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Xenoblade Chronicles Review

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Xenoblade Chronicles Review

Ellen Heitmann, Staff Writer

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Plot and Overview

Xenoblade Chronicles is an action role-playing game for the Nintendo Wii, Wii U, and 3DS developed by Monolith Soft. The game contains many inspirations and themes revolving around philosophy and takes place within a world literally made up of two massive titans: the Bionis, and the Mechonis. Outside of the two titans, the world is nothing more than an endless sea. Eons ago, The titans used to live, but after they died, life began to spring up on their corpses. The Bionis is displayed as more natural and biological while the Mechonis is full of machines and advanced technology. Mechonis is also home to a race of mechanical beings known as the Mechon, which present a major threat to the opposing titan. They constantly invade the colonies on Bionis and kill countless numbers of people. The threat of the Mechon is amplified by the fact that there’s only one weapon with the ability to actually harm their armor: a sword known as the Monado. Not very many people can control the Monado however, and due to its extreme amount of power, it can have terrible effects on its wielder.

The story is told from the perspective of Shulk, a young boy living in Colony 9, which was a small town residing on the lower region of the Bionis. He works in a lab and spends most of his time studying the Monado until a Mechon attack results in the death of a very close friend of his. During this attack, Shulk begins to wield the Monado. Driven by his desire for revenge, Shulk sets off with his best friend Reyn to seek out the Mechon and fight back. Along with this, they share a goal of discovering the reason for all of this fighting, and why the two titans were locked in this eternal war. Rather than just wanting to set off and destroy them all, the characters also try to understand or even sympathize with them. The Monado also grants another mysterious ability known as “visions” and shortly before a devastating event would occur, Shulk would be shown a vision of the future. He soon realizes the future he’s shown isn’t set in stone and uses this as a means of saving others from harm if possible.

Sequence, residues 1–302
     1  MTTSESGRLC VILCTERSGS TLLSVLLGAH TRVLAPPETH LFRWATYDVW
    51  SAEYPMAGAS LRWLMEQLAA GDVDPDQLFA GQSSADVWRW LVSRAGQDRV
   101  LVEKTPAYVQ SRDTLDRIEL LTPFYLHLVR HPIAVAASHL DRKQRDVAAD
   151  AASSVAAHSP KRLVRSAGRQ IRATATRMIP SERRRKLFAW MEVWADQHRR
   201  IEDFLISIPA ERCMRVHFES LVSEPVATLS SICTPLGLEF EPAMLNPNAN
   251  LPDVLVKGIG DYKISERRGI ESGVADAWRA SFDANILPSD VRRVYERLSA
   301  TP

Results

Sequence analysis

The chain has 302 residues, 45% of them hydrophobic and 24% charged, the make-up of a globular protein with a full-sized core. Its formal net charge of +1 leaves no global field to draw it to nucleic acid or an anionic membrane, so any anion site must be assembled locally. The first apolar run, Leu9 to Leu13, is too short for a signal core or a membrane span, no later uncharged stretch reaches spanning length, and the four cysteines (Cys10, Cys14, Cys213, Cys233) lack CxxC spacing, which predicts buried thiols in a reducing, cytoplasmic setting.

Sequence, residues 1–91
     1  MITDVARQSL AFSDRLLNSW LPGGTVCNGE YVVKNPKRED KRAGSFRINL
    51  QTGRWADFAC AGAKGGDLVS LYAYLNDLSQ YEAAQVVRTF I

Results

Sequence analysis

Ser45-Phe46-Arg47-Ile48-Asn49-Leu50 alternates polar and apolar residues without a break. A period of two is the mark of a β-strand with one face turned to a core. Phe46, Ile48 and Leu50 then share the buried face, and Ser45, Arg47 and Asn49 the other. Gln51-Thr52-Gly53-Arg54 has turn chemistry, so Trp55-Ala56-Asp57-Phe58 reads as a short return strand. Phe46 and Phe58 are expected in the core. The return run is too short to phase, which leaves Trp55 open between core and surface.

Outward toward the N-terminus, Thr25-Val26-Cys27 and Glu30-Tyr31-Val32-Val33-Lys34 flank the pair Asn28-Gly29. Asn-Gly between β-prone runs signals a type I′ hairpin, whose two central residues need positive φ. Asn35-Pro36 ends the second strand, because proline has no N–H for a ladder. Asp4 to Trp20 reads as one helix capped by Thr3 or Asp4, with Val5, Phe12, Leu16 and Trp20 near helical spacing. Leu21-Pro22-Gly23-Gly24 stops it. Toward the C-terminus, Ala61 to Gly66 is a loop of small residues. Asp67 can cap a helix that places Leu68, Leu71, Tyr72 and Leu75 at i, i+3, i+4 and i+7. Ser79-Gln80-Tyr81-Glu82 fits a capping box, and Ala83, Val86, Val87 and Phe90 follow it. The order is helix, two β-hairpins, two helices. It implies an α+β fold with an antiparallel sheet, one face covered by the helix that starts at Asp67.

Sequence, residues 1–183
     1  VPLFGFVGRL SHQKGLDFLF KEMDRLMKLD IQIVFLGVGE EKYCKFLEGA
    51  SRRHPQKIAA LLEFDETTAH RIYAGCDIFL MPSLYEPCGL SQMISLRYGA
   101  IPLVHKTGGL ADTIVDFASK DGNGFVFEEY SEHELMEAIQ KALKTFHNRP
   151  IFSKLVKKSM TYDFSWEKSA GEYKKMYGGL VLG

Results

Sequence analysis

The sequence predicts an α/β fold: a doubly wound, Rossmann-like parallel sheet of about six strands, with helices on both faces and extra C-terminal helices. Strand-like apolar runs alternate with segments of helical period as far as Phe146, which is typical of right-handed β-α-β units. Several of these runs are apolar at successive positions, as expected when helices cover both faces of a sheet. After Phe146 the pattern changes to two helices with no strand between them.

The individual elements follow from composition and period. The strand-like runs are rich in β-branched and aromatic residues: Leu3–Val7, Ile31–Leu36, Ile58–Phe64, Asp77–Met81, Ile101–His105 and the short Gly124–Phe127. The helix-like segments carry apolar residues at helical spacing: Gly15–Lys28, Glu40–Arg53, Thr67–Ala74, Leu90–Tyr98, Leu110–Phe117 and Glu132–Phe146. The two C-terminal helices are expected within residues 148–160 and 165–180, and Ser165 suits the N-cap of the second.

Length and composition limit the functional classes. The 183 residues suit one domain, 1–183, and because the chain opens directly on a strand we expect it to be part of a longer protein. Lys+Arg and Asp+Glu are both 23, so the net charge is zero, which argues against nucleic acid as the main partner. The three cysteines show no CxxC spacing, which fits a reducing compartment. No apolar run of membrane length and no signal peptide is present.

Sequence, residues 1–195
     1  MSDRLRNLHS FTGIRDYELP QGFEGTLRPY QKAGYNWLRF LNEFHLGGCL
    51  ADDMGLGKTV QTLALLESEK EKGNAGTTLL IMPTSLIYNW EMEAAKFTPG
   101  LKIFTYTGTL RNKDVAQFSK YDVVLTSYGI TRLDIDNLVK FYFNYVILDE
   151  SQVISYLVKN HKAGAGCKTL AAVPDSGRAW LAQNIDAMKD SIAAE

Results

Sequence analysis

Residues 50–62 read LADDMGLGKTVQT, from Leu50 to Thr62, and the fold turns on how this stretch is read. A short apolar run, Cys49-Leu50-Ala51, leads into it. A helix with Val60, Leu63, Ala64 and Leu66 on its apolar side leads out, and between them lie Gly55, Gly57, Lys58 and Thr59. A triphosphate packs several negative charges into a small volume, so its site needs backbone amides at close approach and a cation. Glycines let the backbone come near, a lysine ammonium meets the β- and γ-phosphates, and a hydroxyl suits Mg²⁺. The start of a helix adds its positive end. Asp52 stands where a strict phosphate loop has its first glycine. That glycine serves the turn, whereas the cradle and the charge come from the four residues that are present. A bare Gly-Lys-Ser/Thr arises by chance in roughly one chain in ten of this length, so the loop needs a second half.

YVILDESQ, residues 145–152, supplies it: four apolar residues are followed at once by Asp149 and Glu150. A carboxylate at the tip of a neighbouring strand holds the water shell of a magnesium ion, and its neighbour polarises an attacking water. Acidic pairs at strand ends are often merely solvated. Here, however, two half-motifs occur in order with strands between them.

The plot is very engaging and it definitely has no shortage of unexpected twists although it does start out a bit generic. The characters are all extremely well-written, containing very logical and complex motives which develop throughout the game at a great pace. It also displays the perspectives of many different characters, including the villains, which can often make them very sympathetic.

Gameplay

You travel in parties of up to three characters, each having their own unique attacks and playstyles. There are seven total playable characters that you recruit throughout the game. In battle, a small menu of eight different “arts” is shown at the bottom of the screen. Arts consist of basic actions: they can be attacks, they can heal you, and a variety of other things. You can pick which arts you want to equip to each character, then they will appear on the menu. In the center of the menu there is a Talent Art, which is essentially a more powerful art that you can use, but not as often as normal ones.

The game contains over four hundred side quests, and there are six superbosses you can take on (superbosses are powerful enemies above the max level you can reach). Often times you can make different choices in your side quests, which impact the later events that occur in them. This adds to the replayability of the game, as you can have new experiences by picking different options in later playthroughs. The more side quests you complete, and enemies you defeat, the more you level up.

There are around twenty different areas you can explore in the game, each complete with their own civilizations and races. All the areas look very unique from each other in terms of color and architecture, so the scenery never felt boring. You may also skip travel between areas for easy transportation.

Music and Visuals

Thanks to being on a console with less power than present-day systems, the graphics are a bit lacking. It’s the only area this game kind of lacks in, but the variety and creativity in all the visuals and designs made up for this in my opinion.

The soundtrack is composed by Yoko Shimomura, who also wrote the music for games like Kingdom Hearts and the Mario and Luigi RPG series. There are just around ninety songs, and the game is very well known for its soundtrack. Every song adds so much tension and drama to the unfolding cutscenes, they never felt out of place.

Most of the voice actors have British accents, which actually fit them rather well. Each voice actor displays emotion excellently, you can always feel emotion in their voices. Each character sounds genuinely realistic.

Should You Play It?

While the game is nothing short of a masterpiece, it’s not for everyone. It’s extremely different from most popular gameplay focused games and takes around seventy hours to complete. Plus this number only grows with the number of side quests and extra content. It’s a huge commitment to play this game, and it can also be extremely dark and very tragic at times. If you’re interested in a complex and well-written story, or are a fan of JRPGs, definitely give it a go. It’s without question my favorite game of all time, so I would rate it a full 10/10.

 

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Xenoblade Chronicles Review